Ultimate Fighting Championship (UFC) made its presence known to Atlanta, Ga., last night (Sat., April 13, 2019) for UFC 236. For the first time in many weeks, there was actually a weekend without Octagon action leading up to last night’s fights, but UFC 236 more than made up for that missed action. The card was filled with talent top-to-bottom, and the two headlining title fights were guaranteed to be high-action affairs.
Let’s take a look at the best techniques and performances of the night!
The Power of Poirier
Dustin Poirier is one of the most technically improved strikers in UFC.
Over the last couple years, Poirier has settled down from natural puncher into composed boxer, and it was all tested last night. Holloway put pressure on Poirier, countered him, tried to drown him in volume. He tested his defense for vulnerabilities and reactions for mistakes. Poirier had an answer for Holloway every time, consistently landing the harder blows for the majority of five rounds.
Poirier’s natural gifts did have a major role in his victory. The size and power in his punches were clearly more significant than Holloway’s own probing strikes. Each time Poirier landed a crushing hook to the jaw of the Hawaiian, there was a noticeable impact despite Holloway’s incredible chin and attempts to ignore the shots. Range was important, too — Poirier’s jab would land clean directly after Holloway came up short with a combination simply because his arms were a couple inches longer.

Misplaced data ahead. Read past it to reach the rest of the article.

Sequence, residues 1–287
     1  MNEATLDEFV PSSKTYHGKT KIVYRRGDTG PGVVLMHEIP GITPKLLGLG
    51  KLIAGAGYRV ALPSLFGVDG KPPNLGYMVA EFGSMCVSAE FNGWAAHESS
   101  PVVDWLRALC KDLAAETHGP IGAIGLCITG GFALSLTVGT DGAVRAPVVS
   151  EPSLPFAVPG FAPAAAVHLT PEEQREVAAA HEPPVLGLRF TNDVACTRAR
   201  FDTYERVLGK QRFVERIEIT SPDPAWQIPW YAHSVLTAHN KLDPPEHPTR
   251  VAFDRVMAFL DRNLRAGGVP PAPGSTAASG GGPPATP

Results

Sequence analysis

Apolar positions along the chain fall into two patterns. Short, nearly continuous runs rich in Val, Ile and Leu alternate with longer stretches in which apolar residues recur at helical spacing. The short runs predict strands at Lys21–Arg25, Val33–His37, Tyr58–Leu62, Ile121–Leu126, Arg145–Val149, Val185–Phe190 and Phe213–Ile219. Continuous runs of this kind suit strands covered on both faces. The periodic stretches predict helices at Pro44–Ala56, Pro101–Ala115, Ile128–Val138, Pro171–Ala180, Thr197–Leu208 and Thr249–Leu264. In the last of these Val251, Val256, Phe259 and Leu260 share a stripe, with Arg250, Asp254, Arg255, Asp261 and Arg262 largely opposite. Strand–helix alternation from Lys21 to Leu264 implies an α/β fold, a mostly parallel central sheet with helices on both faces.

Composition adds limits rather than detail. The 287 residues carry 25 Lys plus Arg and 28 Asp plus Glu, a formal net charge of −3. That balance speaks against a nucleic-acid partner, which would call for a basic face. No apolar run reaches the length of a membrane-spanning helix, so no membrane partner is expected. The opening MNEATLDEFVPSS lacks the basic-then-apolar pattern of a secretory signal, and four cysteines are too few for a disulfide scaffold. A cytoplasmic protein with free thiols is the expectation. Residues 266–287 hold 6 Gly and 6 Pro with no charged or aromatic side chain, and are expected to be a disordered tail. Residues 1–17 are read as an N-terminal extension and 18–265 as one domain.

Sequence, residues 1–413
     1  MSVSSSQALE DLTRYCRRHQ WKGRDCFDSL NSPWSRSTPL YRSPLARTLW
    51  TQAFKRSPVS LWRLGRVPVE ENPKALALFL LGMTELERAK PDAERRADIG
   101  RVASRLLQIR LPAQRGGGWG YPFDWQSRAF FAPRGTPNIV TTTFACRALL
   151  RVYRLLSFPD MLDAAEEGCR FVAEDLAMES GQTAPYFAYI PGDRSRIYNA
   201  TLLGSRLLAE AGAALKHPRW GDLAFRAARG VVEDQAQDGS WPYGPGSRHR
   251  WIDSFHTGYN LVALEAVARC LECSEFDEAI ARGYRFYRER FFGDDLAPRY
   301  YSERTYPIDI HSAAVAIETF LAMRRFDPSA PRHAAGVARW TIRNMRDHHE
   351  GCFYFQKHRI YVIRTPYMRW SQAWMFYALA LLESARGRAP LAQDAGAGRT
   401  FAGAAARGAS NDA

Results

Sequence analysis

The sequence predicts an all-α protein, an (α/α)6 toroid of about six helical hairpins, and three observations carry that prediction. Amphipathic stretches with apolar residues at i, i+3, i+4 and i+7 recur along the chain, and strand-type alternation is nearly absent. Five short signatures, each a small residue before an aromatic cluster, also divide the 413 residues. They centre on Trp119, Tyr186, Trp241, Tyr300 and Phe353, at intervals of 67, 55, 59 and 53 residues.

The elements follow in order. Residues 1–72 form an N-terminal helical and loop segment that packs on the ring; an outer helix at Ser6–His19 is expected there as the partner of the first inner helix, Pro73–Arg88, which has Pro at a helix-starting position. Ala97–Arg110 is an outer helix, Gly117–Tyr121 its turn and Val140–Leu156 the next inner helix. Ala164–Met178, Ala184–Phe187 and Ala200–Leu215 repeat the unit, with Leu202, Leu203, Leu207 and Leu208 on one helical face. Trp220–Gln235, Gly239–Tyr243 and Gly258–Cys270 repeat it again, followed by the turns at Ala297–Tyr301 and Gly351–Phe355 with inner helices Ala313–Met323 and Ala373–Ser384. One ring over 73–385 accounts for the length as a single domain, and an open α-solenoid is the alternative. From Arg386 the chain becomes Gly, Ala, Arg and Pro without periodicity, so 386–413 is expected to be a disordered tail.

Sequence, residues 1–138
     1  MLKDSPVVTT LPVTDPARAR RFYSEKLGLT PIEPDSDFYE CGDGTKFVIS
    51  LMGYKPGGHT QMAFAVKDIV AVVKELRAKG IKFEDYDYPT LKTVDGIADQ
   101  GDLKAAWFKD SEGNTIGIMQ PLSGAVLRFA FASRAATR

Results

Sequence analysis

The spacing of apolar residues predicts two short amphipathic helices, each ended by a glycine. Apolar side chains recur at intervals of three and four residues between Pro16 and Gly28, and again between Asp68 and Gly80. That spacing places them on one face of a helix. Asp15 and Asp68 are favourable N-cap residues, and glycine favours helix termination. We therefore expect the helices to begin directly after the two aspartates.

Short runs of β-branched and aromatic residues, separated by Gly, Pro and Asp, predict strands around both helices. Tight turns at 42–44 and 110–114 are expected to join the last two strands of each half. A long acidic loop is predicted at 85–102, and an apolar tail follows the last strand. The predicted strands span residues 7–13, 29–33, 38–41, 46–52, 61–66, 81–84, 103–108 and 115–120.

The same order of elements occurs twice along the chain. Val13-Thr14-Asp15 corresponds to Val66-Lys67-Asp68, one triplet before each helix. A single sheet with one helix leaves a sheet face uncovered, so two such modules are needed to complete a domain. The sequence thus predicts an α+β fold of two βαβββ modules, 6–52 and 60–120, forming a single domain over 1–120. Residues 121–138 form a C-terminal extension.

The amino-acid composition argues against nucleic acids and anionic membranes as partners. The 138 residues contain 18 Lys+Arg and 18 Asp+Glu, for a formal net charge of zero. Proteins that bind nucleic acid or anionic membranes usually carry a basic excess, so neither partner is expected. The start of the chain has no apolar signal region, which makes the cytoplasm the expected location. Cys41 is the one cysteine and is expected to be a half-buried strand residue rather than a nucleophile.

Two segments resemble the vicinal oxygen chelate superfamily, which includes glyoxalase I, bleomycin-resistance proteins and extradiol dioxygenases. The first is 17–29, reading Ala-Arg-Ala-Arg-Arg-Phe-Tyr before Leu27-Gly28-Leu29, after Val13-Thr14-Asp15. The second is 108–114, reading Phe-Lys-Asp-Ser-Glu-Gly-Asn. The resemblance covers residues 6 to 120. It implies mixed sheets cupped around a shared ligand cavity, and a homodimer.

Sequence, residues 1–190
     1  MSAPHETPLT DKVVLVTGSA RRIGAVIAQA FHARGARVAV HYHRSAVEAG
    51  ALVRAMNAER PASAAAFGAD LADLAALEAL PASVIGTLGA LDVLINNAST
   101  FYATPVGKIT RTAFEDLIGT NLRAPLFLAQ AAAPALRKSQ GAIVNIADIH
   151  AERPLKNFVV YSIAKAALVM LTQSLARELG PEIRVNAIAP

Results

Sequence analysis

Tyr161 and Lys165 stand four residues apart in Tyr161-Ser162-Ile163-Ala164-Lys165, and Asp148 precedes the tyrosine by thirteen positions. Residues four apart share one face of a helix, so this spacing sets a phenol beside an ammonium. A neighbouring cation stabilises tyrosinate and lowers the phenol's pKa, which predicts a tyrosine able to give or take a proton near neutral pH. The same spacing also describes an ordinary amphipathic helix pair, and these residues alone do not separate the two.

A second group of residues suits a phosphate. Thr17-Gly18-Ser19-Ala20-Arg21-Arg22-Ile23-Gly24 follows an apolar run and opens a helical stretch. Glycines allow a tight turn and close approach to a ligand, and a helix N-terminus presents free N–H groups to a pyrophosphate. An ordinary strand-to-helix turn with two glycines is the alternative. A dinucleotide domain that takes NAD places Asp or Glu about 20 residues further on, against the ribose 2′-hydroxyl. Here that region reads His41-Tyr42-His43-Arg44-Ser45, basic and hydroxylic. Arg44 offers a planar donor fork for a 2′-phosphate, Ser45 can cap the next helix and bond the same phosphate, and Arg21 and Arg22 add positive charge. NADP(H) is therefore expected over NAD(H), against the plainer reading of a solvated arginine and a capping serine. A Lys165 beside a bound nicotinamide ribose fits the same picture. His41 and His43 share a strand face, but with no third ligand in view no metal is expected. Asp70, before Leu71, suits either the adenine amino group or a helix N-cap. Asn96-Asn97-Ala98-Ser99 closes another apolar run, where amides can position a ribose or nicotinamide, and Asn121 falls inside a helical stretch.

Perhaps the most surprising aspect of Poirier’s upset victory was the fact that he utilized kicks better than Holloway. From the first bell, Poirier was following his wide left hook with a chopping low kick and slamming Holloway’s chest with front kicks. A knee in the fourth round opened a massive cut to Holloway’s visage. Meanwhile, Holloway only really ended a few punching combinations with the right kick. which was a strategy he really needed to use more often and expand upon.
Poirier matched his foe’s composure under fire but exceeded him in both firepower and diversity of technique, proving himself the better man in an amazing title fight.
The mid-tier of the Middleweight division is famous for its lackluster fights. Slow, strange, and uneventful bouts that never seem to end. The reputation is deserved, but the elite of the division have really spoiled us with absolutely stellar displays of combats in recent fights. It seemed impossible, but Israel Adesanya and Kelvin Gastelum put on a back-and-forth war that was every bit the quality of the two title bouts between Robert Whittaker and Yoel Romero.
Adesanya’s game has a ton of flair, and some of it worked well against Gastelum, most notably a spinning elbow that rocked his foe in the second round. Throughout the momentum shifts and violence though, it was the fundamentals that saw Adesanya pull ahead. Most importantly, Adesanya’s right round kick gave him something to build from after a terrible opening five minutes.
In the second, Adesanya’s right kick began slamming into the mid-section and lead leg. Suddenly, Gastelum couldn’t pressure so freely, spending more time getting stabbed at by Adesanya’s rangy strikes. That kick bought Adesanya time to read Gastelum’s offense and plan — it won him the fight.
Given some time, Adesanya quickly found his range and began nailing Gastelum with right hands, which did a majority of Adesanya’s damage. It was a very interesting dynamic, as Gastelum would start working his way back into the fight when Adesanya began to rely more on his cross and less on the kick. As soon as Adesanya took note and went back to chopping into Gastelum, that cross would land easily once more.